A combination antibody therapy developed by Eli Lilly to fight COVID-19 has received emergency use authorization by the FDA. The therapy involves two antibodies, bamlanivimab and etesevimab. Giving these to patients reduced the risk of hospitalization and death by 70%.
Lilly claims 100,000 doses are ready for patient use and an additional 150,000 doses will be available throughout the first quarter. More information can be found in this news story.
Meanwhile, the claim that the novel coronavirus escaped from a lab is “very unlikely” according to a team of experts appointed by the World Health Organization. The group spent several weeks in the Chinese city of Wuhan seeking clues about the origins of COVID-19.
While they do not yet have a definitive answer (and perhaps we never will) they highlighted three additional scenarios that could have led to the outbreak. The first involves the infection of a single person exposed to SARS-CoV-2 through direct contact with the host species, the horseshoe bat. A second scenario – seen as the most likely – suggests transmission to humans occurred via an unknown intermediary species. The third possibility is that the disease originated under the first or second scenarios and was then transmitted via cold chain products (frozen foods.)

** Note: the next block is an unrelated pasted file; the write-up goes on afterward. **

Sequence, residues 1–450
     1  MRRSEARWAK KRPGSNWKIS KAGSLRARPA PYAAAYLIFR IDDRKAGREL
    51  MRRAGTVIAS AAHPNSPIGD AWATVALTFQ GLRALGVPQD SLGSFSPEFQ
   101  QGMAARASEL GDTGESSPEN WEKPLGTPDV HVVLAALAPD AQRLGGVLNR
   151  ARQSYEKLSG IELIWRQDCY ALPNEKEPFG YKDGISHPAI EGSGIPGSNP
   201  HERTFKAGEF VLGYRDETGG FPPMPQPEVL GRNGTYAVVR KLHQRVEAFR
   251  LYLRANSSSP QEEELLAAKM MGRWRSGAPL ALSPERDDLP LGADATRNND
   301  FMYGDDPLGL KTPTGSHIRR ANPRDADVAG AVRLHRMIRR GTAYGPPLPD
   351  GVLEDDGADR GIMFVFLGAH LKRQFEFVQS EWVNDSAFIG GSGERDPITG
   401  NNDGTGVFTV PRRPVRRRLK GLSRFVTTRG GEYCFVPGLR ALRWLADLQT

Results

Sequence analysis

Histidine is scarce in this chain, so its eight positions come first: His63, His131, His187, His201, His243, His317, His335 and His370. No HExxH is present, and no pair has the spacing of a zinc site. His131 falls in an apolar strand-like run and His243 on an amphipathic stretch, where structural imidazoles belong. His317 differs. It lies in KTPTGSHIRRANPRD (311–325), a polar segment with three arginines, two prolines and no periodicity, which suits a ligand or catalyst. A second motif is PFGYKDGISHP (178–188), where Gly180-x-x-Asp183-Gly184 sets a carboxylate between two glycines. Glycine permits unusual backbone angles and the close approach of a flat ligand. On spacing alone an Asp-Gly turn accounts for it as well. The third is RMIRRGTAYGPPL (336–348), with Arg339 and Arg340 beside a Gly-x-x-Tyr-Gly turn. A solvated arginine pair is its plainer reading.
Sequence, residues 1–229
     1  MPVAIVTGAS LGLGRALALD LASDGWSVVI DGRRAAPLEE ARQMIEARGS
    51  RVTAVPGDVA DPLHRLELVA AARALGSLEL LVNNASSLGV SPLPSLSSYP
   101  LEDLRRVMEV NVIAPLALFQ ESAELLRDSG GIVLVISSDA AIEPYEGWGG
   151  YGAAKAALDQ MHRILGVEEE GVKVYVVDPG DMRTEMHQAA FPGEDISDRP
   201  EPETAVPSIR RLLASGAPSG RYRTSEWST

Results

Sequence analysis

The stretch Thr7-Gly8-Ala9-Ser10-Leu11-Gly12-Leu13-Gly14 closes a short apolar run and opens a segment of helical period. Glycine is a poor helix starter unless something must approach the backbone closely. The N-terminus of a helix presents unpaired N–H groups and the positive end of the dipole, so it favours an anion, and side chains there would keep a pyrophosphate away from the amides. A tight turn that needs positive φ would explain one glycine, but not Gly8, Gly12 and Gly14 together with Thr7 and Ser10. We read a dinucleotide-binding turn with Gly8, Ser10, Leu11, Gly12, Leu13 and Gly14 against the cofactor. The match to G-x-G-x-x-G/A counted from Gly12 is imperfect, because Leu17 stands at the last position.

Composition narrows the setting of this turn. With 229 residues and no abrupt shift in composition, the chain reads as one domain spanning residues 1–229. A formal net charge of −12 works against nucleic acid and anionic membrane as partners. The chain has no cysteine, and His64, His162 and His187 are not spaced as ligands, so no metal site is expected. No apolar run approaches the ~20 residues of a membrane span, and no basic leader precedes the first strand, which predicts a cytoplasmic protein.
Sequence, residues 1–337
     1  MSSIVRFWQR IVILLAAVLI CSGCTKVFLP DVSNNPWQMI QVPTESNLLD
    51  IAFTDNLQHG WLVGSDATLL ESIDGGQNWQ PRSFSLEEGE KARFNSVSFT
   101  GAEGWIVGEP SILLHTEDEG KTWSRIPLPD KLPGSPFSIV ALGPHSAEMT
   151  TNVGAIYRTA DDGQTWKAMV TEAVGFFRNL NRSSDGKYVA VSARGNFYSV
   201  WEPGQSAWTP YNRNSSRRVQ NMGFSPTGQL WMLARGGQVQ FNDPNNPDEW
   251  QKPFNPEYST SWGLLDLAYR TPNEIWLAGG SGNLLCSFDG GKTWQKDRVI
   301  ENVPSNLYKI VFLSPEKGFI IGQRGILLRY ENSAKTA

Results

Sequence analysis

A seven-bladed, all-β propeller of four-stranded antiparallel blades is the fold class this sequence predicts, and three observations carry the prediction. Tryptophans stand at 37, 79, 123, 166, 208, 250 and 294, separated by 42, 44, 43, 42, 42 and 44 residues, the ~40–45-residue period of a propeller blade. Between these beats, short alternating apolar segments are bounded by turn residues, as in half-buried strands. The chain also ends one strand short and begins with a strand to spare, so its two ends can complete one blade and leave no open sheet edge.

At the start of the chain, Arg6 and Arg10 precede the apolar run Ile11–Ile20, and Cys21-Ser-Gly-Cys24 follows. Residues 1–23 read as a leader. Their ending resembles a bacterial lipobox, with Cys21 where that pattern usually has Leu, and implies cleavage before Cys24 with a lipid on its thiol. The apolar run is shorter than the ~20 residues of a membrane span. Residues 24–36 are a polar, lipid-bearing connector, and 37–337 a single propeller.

At least one U.S. animal rights organization has repeatedly suggested the disease escaped from a Wuhan lab and even sought to defund American partnerships with that research facility.
Additional information about the WHO investigation can be found in this article.
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